19 December 2013
Last updated at 20:06 ET
Standards do apply to hospital food in Scotland and Wales
A leading campaigner is calling for the NHS in England to introduce legally binding standards for hospital food.
Writing on the British Medical Journal’s website, Katherine Jenner, chair of the Campaign for Better Hospital Food, says the existing voluntary system is not working.
The government is carrying out a review of hospital food.
But it is not supporting a private member’s bill currently in the Lords which calls for mandatory standards.
The bill, introduced by Lady Cumberlege, requires the health secretary to ask a body of experts to draft mandatory food standards for hospitals. The Care Quality Commission would then be asked to check these standards were being met.
It is being backed by 98 organisations supporting the Campaign for Better Hospital Food.
‘More salt than a Big Mac’
Concerns over hospital food standards have been raised many times.
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I am not asking for standards that you would find in a Michelin starred restaurant”
Campaign for Better Hospital Food
Most recently the Francis report, published following the inquiry into events at Stafford Hospital, highlighted the need to improve hospital food standards among its 290 recommendations.
Ms Jenner claims governments have wasted more than £54m of taxpayers’ money on 21 “failed voluntary initiatives” to improve hospital food since 1992 – which she claims could have paid for 34 new hospital kitchens.
A survey by the campaign group suggested three out of every four hospital meals would qualify for a red light under the Food Standards Agency’s traffic light model because they were high in saturated – and that 15 of the 25 meals surveyed contained more salt than a Big Mac.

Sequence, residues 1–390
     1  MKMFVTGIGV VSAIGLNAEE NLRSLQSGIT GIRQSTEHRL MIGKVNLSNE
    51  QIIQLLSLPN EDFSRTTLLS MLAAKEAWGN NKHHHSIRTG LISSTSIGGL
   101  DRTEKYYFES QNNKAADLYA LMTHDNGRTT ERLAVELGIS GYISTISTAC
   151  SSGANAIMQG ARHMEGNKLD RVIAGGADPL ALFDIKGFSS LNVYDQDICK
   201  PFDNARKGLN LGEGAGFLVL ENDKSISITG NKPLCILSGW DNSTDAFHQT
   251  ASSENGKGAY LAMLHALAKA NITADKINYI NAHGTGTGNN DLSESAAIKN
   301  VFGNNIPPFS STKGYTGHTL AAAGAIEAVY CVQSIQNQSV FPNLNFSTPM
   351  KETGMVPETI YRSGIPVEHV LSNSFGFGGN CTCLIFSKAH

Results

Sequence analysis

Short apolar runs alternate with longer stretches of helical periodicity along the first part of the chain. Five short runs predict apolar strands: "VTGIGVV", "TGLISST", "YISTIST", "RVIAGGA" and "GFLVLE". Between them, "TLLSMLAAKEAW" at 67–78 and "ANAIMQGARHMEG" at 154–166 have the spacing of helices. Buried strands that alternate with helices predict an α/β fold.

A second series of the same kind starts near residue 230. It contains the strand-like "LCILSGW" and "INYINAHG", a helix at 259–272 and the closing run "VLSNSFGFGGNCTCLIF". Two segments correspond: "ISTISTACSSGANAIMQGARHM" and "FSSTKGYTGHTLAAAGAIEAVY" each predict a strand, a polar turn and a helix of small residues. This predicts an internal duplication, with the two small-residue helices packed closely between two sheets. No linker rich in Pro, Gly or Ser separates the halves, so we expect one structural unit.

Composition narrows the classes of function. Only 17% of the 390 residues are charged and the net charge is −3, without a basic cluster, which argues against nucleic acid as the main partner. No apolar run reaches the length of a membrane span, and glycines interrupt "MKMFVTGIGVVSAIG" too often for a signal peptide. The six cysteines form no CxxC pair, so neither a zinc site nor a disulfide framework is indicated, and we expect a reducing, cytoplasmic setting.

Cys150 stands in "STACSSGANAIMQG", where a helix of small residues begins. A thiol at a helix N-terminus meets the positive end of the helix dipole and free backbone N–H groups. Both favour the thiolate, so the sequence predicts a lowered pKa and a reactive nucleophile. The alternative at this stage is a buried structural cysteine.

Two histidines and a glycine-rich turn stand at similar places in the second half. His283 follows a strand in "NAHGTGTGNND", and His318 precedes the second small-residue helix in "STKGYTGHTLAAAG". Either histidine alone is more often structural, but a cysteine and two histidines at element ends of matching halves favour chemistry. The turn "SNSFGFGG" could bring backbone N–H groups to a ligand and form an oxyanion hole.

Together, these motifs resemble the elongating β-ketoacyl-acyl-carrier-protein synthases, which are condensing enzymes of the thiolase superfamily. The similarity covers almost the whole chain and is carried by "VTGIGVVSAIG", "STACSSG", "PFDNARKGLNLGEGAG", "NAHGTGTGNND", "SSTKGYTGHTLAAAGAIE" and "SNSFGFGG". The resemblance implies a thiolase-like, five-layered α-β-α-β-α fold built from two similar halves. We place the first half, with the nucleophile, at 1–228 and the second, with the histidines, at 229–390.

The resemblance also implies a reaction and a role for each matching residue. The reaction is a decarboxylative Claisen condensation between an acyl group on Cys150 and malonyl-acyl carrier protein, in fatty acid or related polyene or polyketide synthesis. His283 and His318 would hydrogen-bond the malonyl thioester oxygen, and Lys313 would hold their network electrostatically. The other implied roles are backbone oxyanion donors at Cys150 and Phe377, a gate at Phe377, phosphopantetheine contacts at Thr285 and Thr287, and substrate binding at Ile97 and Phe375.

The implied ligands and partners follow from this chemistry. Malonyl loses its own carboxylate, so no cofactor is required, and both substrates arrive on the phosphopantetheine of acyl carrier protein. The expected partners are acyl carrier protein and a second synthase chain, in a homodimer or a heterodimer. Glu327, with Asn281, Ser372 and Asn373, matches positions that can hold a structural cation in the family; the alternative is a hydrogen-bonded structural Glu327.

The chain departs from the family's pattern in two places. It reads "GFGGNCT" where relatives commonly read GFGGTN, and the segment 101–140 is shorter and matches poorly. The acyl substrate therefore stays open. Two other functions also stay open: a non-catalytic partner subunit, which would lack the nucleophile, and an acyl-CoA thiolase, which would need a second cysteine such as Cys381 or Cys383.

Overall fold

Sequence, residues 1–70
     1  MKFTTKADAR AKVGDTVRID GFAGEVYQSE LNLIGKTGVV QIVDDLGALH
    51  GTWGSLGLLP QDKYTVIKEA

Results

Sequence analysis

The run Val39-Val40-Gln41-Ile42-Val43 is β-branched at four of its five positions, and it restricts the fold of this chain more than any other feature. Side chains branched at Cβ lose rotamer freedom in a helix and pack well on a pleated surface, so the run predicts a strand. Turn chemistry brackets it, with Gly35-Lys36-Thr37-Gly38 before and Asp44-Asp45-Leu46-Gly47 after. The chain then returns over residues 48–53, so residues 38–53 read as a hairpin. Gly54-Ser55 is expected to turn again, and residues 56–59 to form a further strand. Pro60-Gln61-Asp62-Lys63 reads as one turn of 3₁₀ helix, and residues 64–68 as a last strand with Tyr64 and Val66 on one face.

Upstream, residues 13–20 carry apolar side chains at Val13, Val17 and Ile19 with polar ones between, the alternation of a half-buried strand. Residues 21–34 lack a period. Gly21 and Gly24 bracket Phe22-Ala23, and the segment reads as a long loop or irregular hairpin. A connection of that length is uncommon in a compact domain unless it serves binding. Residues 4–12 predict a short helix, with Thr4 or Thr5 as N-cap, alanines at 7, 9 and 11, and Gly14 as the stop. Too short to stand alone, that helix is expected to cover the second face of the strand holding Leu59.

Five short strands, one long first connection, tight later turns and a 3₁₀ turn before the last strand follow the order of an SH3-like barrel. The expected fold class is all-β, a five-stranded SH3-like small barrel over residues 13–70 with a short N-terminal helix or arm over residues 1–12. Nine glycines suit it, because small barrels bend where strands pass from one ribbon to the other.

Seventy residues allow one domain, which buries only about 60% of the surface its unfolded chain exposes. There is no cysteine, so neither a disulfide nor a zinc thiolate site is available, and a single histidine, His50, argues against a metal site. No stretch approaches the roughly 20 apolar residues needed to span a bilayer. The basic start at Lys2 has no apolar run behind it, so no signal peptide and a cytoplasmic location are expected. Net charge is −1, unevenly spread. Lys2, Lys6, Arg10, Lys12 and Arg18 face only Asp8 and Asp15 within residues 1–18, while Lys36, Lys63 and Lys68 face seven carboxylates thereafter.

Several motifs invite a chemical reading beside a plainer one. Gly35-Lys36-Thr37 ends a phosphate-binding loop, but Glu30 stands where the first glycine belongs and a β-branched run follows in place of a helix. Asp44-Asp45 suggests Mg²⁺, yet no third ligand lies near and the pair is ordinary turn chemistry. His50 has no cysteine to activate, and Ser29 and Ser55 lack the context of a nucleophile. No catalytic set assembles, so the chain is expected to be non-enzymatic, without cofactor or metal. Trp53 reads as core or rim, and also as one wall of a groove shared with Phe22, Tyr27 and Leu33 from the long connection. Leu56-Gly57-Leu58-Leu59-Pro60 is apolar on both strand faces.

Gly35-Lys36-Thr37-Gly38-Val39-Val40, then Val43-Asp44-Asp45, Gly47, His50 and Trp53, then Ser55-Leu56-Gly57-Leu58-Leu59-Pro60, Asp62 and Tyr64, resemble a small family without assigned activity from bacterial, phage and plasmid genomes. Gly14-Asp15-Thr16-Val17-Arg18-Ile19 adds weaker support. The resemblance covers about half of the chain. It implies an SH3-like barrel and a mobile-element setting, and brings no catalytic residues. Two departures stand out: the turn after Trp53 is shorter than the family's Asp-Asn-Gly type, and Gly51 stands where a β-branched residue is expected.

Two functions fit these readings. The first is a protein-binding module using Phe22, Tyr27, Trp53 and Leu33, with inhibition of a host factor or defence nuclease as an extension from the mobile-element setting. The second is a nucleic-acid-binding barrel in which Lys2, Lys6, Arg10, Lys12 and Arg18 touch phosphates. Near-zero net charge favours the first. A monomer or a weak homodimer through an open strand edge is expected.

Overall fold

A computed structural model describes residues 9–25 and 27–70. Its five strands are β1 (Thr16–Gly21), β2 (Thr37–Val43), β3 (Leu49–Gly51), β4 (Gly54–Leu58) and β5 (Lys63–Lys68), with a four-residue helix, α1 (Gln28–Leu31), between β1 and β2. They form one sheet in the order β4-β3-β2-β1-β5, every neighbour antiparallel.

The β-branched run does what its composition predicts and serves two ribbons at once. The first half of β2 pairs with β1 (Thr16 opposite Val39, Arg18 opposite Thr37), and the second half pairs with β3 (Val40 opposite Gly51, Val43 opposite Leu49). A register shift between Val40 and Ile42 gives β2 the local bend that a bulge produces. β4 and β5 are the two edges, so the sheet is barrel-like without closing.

Writing in the BMJ, Ms Jenner says: “Most British public sector institutions already have to adhere to mandatory standards for the meals they serve, including mandatory nutritional standards for school food and the food served in hospitals in Wales and Scotland.
“Several nutritional and environmental standards apply to foods served in government departments and prisons.
“So why are there no mandatory standards in English hospitals?”
Some hospitals have their own food standards.
Nottingham University Hospital Trust has said it saved £2.50 per day per patient, and cut its food miles total by around 150,000 food miles a year, by switching to fresh local ingredients.
The trust says that the NHS could make a national saving of £400m a year if the same standards were implemented throughout the health service.
Ms Jenner adds: “I am not asking for standards that you would find in a Michelin starred restaurant; rather, healthier and more nutritious food with less salt and saturated fat that is sustainable, with higher animal welfare standards and fair trade.”
Health minister Dan Poulter said while there were good examples of hospital food, there was too much variation.
“We support the principle of national food standards but do not agree that legislation is the right way to proceed. The best decisions on hospital food are those taken locally by chefs and catering managers, working with patients.”